WHEN the dust settles on this fraught 2015 of ours, we might have a moment or two to reflect on how the biggest film of the year came in its final fortnight. As the days slip away on the calendar and receipts stream out from cashiers’ tills, Star Wars (Episode VII): The Force Awakens is already smashing box office records worldwide, steamrollering all in its wake on the somewhat inevitable journey to “Biggest Film Ever”. It’s not hard to see why.
Setting aside the ubiquity of new owner Disney’s marketing blitz, Star Wars has always been a pop culture touchstone. When we ran our series on the previous films last year, it was immediate and obvious how much the series had affected each writer, and the same can be said for blockbuster cinema as a whole. The original Star Wars changed everything about the cinematic landscape and was itself, for a time, the highest-grossing film ever made.
Director J. J. Abrams, fresh from rebooting Star Trek to diminishing returns, had a monumental task ahead: Do the same thing for Star Wars. As subject to monumental pressure from all sides, it’s something of a miracle that Abrams has actually managed to pull it off with such aplomb. Rarely does a film of this magnitude and budget feel right, but here it is, and the experience is breathtaking.
From the first sentence of the opening crawl to the triumphant salvo of the credits’ main theme, The Force Awakens is a soaring adventure that’s perfectly paced, sharply written and exquisitely directed, deftly combining old and new into a wonderful, succinct, and thoroughly magical package. It may not be especially original in its plot, but its approach to characters is both surprising and enthralling, taking its new cast into unexpected and fascinating territory.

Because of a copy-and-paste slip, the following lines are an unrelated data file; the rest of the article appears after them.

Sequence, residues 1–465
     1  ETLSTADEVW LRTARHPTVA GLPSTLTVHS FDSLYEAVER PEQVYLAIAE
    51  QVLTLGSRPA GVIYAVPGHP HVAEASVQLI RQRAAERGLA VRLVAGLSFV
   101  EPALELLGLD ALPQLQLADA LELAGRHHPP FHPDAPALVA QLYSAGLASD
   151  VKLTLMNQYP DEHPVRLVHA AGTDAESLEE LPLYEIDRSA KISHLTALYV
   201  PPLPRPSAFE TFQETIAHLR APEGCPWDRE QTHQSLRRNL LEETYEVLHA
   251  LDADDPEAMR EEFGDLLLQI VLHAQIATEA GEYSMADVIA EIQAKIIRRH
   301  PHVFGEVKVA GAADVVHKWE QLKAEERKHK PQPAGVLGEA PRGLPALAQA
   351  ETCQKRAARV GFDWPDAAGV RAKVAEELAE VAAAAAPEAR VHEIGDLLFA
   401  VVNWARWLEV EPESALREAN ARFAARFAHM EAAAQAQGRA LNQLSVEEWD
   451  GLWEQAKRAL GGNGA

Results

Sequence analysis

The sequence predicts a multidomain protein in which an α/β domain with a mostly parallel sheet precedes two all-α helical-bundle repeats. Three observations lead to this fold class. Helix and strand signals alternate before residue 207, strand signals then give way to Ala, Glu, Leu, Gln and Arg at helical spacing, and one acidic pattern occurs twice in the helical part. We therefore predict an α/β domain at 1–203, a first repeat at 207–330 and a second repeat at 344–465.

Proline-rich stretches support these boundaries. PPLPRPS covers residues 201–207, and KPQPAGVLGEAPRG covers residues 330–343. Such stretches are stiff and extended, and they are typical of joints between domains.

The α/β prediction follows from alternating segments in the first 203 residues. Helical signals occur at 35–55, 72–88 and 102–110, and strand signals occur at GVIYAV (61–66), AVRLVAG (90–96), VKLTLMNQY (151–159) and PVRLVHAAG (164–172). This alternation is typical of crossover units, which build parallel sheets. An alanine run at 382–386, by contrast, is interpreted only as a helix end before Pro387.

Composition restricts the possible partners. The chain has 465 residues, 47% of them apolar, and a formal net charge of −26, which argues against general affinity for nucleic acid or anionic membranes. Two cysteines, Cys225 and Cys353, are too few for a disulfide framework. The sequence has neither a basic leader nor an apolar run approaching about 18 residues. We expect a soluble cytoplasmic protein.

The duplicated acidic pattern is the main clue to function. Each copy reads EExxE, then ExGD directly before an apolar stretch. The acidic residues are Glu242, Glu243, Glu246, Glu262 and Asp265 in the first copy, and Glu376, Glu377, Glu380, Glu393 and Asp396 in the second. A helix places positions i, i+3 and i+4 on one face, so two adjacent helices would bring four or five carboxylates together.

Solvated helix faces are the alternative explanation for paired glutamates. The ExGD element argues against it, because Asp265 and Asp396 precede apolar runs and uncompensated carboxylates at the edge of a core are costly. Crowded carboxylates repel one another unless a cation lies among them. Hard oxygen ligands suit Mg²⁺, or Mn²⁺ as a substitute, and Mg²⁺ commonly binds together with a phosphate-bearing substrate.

It must be said, however, that the narrative of The Force Awakens is dictated near-exclusively by the original three films, so much so that it can’t help but feel familiar. Certainly, the effects are improved (without approaching the uncanny valley that plagued the prequels) and the action sequences are thrillingly dynamic, but the narrative in places is strikingly similar to A New Hope, to the extent that it sometimes feels like we’re watching a spruced up remake.
But these similarities never feel perfunctory or calculated, though they are, undeniably, the latter. Nothing feels like it was added by committee; nowhere to be found is the hallmark of an executive, hovering over Abrams’ shoulder and demanding specific additions for the sake of marketability and profit margins. The film almost effortlessly evokes awe and wonder, and that’s even without the added boon of nostalgia.
While the film does incorporate numerous elements from the original trilogy, it’s not beholden to them. Though certain characters share functional similarities, there are enough diversions from the established tropes and enough new avenues to explore that it never feels lazy. Even Han and Leia, ostensibly older, grizzled versions of their former selves, are familiar yet distinct, matured with age and hardened by the years.
The acting from all sides is energetic and full of hidden depth. Adam Driver’s Kylo Ren initially seems like a stock Sith villain with the mask on; without it, he reveals himself to be a confused, tormented young man, prone to lashing out in violent outbursts with his lightsabre crackling. John Boyega’s Finn and Daisy Ridley’s Rey also grapple with their identity in different ways, but all three are linked by a struggle with who or what they are or have been.